Don’t Forget States Created the Federal Government
By Rep. Kristi Noem
Washington often forgets a reality President Reagan so succinctly explained: “[T]he Federal Government did not create the States; the States created the Federal Government.” One of my primary objectives as South Dakota’s sole member of the House of Representatives is to reduce the federal government’s influence, giving state and local governments as well as individuals more opportunities to make the decisions that impact their families and communities most. This was something I spoke with the South Dakota State Legislature about earlier this month.
I join the thousands of South Dakotans who are deeply concerned that the Obama administration has stepped over its Constitutional limits and grossly expanded the role of the federal government in our lives. I am proud that over the last few years, we have passed dozens of bills to return more and more authority to states and individuals. We haven’t always been successful in getting the President to sign them into law, but we’ve put the marker down and made some meaningful progress along the way.
For instance, bureaucrats in Washington have been able to micromanage our children’s classrooms for far too long. Last December, we passed, and convinced the President to sign, the first major education overhaul since 2002. With this new legislation in place, those closest to our kids will be more empowered to design an education system that is right for them. As an example, we made sure the federal government could no longer pressure states into adopting specific standards, such as Common Core.
Congress also passed into law the first long-term highway bill in a decade. This legislation gives states five-years of certainty to plan, invest, and conduct maintenance on our intricate network of roads, bridges and railways. It also gave state leaders more flexibility to spend money in a way that worked at the local level.
I’ve been fighting for flexibility like this because I put a lot more trust in our state government than the federal. Rather than handing down federal mandates, Washington should be taking lessons from the states about what really works. After all, states are often incubators for innovative public policy and South Dakota is no exception.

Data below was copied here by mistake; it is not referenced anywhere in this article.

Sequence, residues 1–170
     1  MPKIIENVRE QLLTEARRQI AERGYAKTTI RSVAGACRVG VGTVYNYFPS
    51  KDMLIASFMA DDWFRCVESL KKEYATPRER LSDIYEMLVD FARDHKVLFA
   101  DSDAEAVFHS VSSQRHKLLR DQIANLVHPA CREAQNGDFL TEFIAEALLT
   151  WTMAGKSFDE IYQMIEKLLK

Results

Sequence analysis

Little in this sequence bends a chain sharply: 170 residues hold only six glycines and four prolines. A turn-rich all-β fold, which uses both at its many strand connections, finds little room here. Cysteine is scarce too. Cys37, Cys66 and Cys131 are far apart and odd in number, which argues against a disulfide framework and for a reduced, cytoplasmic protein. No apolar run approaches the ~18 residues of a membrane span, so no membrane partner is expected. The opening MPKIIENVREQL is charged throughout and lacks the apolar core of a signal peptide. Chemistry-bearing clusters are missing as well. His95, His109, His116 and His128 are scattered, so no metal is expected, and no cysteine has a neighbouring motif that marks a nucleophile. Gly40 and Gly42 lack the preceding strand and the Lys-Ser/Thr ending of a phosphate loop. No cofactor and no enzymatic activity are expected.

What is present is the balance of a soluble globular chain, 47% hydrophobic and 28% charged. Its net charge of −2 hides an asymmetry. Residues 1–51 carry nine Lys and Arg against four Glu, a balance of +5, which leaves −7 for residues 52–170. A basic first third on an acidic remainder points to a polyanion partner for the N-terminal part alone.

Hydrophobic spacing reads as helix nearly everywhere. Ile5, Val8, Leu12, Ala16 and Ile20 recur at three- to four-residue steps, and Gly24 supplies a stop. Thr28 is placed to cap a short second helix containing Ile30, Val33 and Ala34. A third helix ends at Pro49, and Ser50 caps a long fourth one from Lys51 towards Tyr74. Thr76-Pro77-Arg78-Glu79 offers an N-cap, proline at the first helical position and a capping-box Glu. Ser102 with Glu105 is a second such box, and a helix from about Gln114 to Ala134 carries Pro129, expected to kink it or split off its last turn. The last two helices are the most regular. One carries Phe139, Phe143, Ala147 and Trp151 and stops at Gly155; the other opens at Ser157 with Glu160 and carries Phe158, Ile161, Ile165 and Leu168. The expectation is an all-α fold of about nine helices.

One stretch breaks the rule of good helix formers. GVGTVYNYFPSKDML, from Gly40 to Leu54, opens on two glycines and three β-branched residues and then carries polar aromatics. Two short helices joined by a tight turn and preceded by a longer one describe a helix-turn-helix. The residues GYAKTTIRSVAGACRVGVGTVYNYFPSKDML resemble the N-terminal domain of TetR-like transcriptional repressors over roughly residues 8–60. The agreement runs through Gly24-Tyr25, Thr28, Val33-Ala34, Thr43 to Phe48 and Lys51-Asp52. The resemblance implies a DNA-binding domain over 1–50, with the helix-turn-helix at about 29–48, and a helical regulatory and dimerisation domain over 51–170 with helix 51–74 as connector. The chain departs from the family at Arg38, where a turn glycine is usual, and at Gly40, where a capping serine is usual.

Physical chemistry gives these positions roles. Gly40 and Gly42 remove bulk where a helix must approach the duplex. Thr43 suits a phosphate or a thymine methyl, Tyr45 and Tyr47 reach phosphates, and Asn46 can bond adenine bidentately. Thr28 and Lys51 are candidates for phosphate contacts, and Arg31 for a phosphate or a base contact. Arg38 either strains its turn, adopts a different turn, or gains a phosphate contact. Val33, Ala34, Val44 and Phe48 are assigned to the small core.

We have an incredibly healthy economy. Not only does South Dakota have a higher percentage of people participating in the workforce than most states do, but our unemployment rate is the second-lowest in the country. Much of this is due to the fact that the state government puts minimal burdens on families, whether through fewer regulations or lower taxes.
Despite the successes we’ve long been able to share, I am the first South Dakota Representative in history to serve on the congressional committee responsible for designing our nation’s tax policy. I see my duty on that committee as an overdue opportunity to share our experience as a proven example of what can be accomplished by a government for its people.
During my first year on the committee, we were able to put permanent protections in place that keep more Americans from enduring tax hikes. For example, we permanently extended the state and local sales tax deduction, which will save people money in states like South Dakota that don’t burden their citizens with a state income tax.
Protecting states’ rights is critical. Earlier this month, America lost a great legal mind and a tremendous defender of the 10th Amendment, which preserves states’ rights. Supreme Court Justice Antonin Scalia was a man of admirable faith and unyielding candor, but perhaps one of the greatest gifts Justice Scalia imparted upon the Supreme Court was a lesson that the words captured within the Constitution matter. That includes the 10th Amendment: “The powers not delegated to the United States by the Constitution … are reserved to the States respectively, or to the people.” I couldn’t agree more.